Here it comes, another blog on millennials. Are you tired of hearing about them yet? I know I’m getting tired of them, and they’re only now just starting their infiltration of our workplaces. I remember when it felt cool to be a “gen X-er” and now I cringe when some of my younger colleagues say they were born in 1987 or 1991, and I realize I can actually remember those years. I graduated high school in 1991, for crying out loud.
Funny story… a few months ago, one of my millennial colleagues, (who blogs for us, but who shall remain nameless) could not figure out how to send a fax. It was really funny at first… and then it just made the rest of us feel old. But I digress.
One thing that is actually interesting about them is how many of them there are. We know there were tons of baby boomers and many fewer X-ers. But there are a LOT of millennials – 45 million of them born between 1979 and 1999 – who, by 2025 will represent about 75% of the global workforce according to Deloitte’s millennial survey.
So, whether we’re tired of hearing about them or not, they are starting their mass influx into our workplaces. Are you ready? I came across a survey from CompuCom which showed that, despite the alarming number of millennials that are either already working or about to enter the workforce, most organizations are not taking major steps to support them.
Compliance Training and Policies for Millennials
I’m not sure that matters in every functional area, but in HR, IT and ethics and compliance it matters quite a bit because of the way millennials prioritize technology and consume information.
The survey revealed some interesting things. For instance – pay attention to this one HR – according to industry data, 64% of millennials ask about social media policies during job interviews and 24% say it would be a key factor in accepting an offer.
Those of us in ethics and compliance should know that millennials switch their attention between media platforms such as laptops, smartphones, tablets and television an average of 27 times per hour. What implications does this pose for compliance training? What about policies? I think it’s pretty clear the old paper policies and video-based training isn’t going to cut it with this generation. They are social, they are gamers, they are interactive… their training and policies should be, too. At least it should be, if you want them to remember and apply the information.
Millennials Want to BYOD
I blogged a month or so back about Bring Your Own Device (BYOD) and the nine features that an organization’s BYOD policy and compliance training should include. BYOD is very important to the tech-enabled milliennial generation. The CompuCom survey asked “What is your organization doing to support millennial employees?” and outside of “nothing” the most popular answer (at 21%) was BYOD enablement.
According to CompuCom CTO Sam Gross, “With almost a quarter of respondents telling us their companies are enabling BYOD, and knowing this number will only increase, IT departments clearly need to find a way to enable millennials while also keeping their corporate networks secure. Hybrid support models are particularly attractive to the multi-generational workforce that our clients’ IT departments are supporting. Whether you’re a Gen-Xer who’s accustomed to getting support online, a Baby Boomer who calls the service desk and waits for your phone to be delivered, or a millennial who ‘buys, tries and discards’ technology, this approach keeps employees productive.”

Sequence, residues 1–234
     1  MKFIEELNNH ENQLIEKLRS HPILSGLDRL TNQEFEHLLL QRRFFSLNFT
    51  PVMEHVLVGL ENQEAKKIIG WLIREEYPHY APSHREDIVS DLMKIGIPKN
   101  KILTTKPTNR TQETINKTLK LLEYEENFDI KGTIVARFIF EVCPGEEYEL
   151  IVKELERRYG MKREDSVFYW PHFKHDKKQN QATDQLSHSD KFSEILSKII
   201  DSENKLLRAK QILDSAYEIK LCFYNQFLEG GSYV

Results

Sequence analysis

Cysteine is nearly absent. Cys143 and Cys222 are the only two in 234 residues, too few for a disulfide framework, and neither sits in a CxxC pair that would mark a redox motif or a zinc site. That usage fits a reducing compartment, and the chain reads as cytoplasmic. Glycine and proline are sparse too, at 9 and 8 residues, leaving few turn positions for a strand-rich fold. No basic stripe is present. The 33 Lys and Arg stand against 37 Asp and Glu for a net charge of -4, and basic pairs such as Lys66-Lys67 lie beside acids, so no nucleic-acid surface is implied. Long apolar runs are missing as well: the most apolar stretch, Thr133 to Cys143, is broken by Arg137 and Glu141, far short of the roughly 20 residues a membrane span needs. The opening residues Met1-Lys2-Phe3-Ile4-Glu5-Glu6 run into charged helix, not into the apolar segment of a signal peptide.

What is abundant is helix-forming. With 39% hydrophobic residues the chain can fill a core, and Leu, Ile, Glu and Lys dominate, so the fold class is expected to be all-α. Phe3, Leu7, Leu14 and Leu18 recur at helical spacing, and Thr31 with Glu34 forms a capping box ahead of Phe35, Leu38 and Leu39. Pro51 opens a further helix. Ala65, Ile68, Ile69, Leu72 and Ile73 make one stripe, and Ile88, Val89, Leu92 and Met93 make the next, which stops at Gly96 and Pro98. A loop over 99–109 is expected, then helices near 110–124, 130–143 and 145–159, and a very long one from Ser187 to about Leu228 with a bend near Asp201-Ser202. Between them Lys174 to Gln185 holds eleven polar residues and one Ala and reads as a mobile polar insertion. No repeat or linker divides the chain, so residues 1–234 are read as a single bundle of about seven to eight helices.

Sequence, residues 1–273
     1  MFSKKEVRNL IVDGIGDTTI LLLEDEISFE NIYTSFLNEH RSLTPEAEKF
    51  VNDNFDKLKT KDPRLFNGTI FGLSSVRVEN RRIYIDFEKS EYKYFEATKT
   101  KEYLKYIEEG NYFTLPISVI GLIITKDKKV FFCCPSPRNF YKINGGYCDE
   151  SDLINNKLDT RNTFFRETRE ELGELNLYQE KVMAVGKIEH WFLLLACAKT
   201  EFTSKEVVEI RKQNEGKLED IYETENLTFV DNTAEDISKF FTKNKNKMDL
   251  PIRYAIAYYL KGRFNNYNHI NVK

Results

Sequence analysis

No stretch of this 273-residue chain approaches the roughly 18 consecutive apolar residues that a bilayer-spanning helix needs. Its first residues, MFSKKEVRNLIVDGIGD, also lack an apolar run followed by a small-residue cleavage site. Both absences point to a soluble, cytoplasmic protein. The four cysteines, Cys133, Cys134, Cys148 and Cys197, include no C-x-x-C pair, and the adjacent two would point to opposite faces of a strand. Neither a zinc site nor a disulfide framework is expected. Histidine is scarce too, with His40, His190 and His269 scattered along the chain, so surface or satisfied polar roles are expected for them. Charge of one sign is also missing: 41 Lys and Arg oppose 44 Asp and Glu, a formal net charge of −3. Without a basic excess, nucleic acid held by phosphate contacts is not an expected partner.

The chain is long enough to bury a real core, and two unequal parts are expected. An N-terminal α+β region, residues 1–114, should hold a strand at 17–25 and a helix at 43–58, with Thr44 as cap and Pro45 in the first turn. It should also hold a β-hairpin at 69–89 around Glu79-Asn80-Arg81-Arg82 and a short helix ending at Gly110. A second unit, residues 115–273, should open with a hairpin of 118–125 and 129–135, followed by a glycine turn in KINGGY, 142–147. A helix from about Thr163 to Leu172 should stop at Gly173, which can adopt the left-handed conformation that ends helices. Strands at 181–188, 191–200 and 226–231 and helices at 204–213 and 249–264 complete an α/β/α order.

BYOD is a lot like cybersecurity; it’s an area that is seemingly owned by IT but where IT and compliance should be working closely together for the common good. Why? Risk. CompuCom found in another survey that 96% of 922 IT decision makers believe that BYOD increases the RISK to corporate networks and data. Risk to corporate data is also a top concern of compliance officers.
Tailor Compliance Training to Generational Learning Styles
As much as I joke about being tired of hearing about them, I work with some millennials and they are taking the world by storm. They are passionate and invigorated. They believe in the power of technology to change the world. They care about the ethics and values of the organizations they work with and for, and exhibit tolerance for others on a level that frankly, generations before should have done.
I liked the quote from the CompuCom CTO above because he uses a great example of how they tailor IT support for employees of different generations. That’s an excellent inspiration for compliance training. Clearly, millennials are tech-savvy, they like interactivity and gamification. As an X-er, I am used to doing everything online and I’d expect my compliance training to be done that way as well. Baby boomers are probably used to classroom style training and a manual full of policies. That’s not to say that this should be a hard and fast rule, but you can certainly use generational learning styles as one more way to tailor your ethics and compliance training.
The survey comes with a great infographic you can see below that shows all the ways companies are preparing – or not preparing – for the onslaught of millennials coming their way. I shudder to think the changes we’ll have to make when my 4-year old enters the workforce. He can already navigate an iPad more quickly than any adult I know and doesn’t understand the concept of a keyboard. Good thing we don’t have to worry about generation Z yet…